This research consists of four independent articles in addition this synthesis. The research question is: What are the benefits and costs associated with the infusion of customer participation in radical innovations on the firm-level? According to the results, users do and co-create successful radical innovations - even if literature claims otherwise. The results support the crucial role of customers in companies’ innovation process. The radical innovations were most commonly claimed to come from outsiders. Frequently a radical innovation comes through people trying to solve a problem that’s relevant to them. Two benefits associated with the infusion of customer participation in the B2B radical innovation process are: using crowd for microtasking, and using a community for co-creation, the so-called white labelling. Co-creation with customers in open innovation can lead to a great success when creating a ‘trust network, but the biggest challenge is the resistance to change involving big and radical systems. The best methods for innovation research are diaries and workshops, but surveys are not good since the survey seemed to work in the past tense (‘Did you enjoy the graphics of the game?’), but in the innovation process future tense answers are wanted (‘What kind of game would you like to play?’). In this research it was found that lead users are a willing, untapped, and limitless resource of innovation for the development process in industries where users feel passionately about the service, and they are needed in fields lacking employees.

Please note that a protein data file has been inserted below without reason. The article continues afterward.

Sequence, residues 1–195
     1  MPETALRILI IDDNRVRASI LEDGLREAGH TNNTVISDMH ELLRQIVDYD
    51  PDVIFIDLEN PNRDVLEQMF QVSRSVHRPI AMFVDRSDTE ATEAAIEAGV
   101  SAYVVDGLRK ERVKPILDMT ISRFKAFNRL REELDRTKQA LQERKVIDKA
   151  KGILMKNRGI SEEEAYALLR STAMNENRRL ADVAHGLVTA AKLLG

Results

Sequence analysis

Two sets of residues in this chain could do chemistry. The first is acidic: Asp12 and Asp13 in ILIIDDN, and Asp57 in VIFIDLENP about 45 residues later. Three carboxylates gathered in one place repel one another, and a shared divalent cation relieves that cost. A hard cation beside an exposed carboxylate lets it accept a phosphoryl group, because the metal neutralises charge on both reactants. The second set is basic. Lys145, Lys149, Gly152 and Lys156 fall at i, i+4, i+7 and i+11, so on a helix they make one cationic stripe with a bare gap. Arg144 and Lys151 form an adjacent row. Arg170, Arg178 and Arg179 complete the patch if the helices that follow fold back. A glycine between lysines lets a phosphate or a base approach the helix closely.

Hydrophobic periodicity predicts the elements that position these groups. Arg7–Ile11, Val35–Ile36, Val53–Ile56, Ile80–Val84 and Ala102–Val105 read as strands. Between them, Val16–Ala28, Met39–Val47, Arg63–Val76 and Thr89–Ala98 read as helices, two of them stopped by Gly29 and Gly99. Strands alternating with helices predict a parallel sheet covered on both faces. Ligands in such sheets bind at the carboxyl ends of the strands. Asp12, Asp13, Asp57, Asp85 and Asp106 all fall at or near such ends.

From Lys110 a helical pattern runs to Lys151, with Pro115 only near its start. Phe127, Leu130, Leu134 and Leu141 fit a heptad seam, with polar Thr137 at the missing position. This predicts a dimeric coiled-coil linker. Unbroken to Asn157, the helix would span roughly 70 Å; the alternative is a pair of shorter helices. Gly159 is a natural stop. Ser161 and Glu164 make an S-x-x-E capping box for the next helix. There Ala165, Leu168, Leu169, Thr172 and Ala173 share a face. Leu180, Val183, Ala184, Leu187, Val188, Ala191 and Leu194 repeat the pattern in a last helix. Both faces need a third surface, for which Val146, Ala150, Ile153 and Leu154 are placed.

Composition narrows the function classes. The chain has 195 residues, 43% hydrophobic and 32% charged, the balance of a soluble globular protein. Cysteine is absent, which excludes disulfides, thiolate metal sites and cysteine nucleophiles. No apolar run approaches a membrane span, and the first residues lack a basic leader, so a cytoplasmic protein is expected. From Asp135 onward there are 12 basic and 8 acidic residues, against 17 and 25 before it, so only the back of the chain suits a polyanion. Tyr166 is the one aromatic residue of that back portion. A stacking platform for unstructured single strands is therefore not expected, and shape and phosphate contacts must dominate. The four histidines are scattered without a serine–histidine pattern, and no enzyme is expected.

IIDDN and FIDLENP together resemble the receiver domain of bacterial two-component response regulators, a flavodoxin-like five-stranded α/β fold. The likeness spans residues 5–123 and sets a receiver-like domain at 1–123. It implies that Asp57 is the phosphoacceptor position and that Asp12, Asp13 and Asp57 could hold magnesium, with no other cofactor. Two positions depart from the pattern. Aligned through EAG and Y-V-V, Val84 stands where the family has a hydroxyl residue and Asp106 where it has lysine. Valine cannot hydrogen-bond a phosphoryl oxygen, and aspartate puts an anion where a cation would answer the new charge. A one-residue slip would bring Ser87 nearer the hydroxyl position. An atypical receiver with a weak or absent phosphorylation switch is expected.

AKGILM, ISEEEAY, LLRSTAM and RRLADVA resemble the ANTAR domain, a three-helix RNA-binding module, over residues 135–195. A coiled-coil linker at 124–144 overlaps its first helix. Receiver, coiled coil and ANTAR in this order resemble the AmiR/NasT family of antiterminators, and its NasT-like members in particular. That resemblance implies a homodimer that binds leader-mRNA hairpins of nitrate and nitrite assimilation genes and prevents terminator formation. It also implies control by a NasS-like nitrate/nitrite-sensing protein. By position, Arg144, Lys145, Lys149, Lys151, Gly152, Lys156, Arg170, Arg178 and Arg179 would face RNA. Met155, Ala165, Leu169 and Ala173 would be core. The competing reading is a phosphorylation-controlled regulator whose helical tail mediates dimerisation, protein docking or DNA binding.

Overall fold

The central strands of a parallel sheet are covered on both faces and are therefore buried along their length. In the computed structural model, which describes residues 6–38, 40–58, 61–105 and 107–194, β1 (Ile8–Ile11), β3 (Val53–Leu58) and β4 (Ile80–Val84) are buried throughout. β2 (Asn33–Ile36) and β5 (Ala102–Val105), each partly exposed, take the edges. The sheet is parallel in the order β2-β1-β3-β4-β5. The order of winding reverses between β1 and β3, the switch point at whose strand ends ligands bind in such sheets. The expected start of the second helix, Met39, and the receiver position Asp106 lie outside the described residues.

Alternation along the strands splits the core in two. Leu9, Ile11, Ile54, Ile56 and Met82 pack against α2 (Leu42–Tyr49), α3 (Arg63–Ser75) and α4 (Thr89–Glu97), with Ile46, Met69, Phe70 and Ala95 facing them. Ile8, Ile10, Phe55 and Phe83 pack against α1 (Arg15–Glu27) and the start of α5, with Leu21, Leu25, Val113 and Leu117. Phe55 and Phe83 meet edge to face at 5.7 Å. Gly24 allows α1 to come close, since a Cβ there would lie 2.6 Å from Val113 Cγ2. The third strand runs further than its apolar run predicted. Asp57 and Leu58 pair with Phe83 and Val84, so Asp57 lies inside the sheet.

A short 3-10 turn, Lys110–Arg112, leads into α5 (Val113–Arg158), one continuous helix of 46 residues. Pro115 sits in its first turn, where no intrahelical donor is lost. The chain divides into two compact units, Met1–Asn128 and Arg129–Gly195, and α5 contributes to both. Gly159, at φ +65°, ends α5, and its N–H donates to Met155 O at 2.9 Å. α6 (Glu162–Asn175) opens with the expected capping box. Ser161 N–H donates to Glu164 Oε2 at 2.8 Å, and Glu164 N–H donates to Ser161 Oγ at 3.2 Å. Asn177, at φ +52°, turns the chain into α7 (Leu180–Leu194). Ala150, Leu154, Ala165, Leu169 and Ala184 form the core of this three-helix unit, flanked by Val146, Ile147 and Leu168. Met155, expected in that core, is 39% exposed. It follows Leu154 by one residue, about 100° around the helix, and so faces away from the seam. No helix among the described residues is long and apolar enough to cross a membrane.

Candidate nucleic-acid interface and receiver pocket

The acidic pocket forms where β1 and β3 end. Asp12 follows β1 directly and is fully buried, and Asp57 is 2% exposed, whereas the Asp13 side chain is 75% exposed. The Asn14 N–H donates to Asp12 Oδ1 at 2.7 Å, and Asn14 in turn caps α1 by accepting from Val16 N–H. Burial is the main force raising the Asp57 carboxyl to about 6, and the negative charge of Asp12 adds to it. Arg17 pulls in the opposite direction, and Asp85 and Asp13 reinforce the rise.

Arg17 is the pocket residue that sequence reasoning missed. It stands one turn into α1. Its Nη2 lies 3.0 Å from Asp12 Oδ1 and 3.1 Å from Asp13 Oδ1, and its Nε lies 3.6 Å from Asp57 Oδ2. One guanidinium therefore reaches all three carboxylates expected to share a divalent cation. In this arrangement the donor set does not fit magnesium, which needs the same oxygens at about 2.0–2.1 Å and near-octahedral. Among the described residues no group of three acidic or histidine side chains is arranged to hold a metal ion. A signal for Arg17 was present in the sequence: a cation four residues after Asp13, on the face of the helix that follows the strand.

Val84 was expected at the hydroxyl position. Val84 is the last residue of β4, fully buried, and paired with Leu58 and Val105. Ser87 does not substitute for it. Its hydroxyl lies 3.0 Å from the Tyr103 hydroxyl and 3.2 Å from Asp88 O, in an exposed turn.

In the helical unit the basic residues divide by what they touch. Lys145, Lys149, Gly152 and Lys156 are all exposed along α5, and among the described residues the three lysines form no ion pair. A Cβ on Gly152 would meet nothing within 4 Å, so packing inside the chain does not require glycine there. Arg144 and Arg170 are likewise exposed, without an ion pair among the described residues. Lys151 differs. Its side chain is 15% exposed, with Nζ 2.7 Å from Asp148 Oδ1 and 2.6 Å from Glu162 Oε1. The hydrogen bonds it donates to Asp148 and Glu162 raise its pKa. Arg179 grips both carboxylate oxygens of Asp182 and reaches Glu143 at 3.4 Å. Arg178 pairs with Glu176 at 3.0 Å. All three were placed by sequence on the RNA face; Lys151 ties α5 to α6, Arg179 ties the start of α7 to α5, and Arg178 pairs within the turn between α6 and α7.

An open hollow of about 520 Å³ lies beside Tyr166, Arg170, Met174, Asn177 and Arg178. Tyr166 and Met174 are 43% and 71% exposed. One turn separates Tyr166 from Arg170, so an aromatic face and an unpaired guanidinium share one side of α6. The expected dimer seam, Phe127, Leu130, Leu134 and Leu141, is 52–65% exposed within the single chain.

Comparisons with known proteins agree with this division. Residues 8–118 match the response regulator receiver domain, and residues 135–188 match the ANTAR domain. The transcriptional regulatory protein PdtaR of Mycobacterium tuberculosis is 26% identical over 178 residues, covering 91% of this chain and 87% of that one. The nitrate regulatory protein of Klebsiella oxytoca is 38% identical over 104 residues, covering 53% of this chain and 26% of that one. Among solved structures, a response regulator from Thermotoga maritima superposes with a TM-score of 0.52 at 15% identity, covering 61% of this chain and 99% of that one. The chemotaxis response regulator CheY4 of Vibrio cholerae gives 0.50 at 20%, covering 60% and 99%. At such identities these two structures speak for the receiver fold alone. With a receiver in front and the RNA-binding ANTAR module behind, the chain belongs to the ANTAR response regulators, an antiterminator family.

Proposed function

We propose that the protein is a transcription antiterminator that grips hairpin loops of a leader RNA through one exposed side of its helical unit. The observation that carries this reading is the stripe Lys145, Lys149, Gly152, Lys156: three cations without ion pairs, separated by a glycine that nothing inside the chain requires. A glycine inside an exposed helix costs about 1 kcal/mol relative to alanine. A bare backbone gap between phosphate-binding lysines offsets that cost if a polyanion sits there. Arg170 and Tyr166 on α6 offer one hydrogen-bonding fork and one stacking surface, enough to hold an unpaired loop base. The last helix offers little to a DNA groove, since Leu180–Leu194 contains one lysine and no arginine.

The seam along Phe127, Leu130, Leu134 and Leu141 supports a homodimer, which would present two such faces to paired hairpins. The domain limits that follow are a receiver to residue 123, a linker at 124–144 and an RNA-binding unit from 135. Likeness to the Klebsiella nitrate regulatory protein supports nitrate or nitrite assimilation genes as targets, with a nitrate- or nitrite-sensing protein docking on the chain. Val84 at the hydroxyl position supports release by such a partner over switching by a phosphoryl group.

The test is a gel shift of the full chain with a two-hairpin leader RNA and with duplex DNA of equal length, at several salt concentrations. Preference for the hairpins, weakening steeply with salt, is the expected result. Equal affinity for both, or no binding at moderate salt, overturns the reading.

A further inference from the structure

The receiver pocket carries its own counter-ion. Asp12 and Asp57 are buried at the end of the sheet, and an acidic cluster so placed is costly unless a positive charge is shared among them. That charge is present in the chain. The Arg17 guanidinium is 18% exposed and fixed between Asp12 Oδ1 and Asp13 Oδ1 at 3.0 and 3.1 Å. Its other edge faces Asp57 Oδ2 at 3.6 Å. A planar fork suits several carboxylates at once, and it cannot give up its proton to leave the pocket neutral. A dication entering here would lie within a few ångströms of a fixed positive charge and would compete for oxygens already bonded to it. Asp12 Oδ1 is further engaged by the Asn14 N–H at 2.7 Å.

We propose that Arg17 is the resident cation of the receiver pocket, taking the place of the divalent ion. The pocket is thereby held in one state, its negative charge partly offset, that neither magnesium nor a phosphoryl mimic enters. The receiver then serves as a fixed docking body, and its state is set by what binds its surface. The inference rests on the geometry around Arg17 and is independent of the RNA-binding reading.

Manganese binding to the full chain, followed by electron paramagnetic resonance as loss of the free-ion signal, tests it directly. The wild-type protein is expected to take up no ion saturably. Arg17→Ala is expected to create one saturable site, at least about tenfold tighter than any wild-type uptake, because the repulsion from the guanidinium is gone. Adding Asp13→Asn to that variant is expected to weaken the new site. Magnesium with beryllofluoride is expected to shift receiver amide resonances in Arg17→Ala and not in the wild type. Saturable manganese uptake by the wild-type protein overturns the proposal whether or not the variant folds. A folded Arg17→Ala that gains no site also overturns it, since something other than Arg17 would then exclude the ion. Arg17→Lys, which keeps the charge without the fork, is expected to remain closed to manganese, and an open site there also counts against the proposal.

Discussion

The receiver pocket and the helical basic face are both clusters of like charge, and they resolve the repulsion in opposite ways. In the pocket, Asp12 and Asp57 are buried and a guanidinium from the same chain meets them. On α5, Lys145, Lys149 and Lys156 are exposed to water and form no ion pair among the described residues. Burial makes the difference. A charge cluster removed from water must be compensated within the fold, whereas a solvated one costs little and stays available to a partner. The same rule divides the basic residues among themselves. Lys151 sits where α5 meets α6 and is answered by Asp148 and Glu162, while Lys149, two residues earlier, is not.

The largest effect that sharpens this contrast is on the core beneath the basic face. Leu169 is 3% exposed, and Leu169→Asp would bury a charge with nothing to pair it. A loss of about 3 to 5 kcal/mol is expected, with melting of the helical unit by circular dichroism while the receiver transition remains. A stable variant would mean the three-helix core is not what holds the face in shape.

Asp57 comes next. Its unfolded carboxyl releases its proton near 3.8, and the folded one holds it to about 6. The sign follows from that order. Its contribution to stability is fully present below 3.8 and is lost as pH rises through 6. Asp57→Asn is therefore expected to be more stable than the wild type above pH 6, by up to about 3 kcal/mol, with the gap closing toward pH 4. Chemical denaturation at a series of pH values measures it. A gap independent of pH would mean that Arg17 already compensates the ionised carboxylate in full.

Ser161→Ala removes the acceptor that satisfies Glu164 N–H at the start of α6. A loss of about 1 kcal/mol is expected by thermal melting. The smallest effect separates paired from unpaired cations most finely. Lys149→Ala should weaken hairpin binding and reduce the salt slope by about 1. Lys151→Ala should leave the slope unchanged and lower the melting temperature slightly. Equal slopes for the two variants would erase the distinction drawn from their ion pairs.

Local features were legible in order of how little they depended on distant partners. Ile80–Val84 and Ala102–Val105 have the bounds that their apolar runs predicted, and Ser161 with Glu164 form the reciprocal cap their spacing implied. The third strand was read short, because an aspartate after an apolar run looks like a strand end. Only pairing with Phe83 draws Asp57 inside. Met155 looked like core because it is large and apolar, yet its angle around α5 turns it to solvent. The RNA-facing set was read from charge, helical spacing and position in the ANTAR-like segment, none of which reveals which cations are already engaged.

|Publication status||Published - 2018|
|MoE publication type||G3 Licentiate thesis|
- Open innovation
- Radical innovation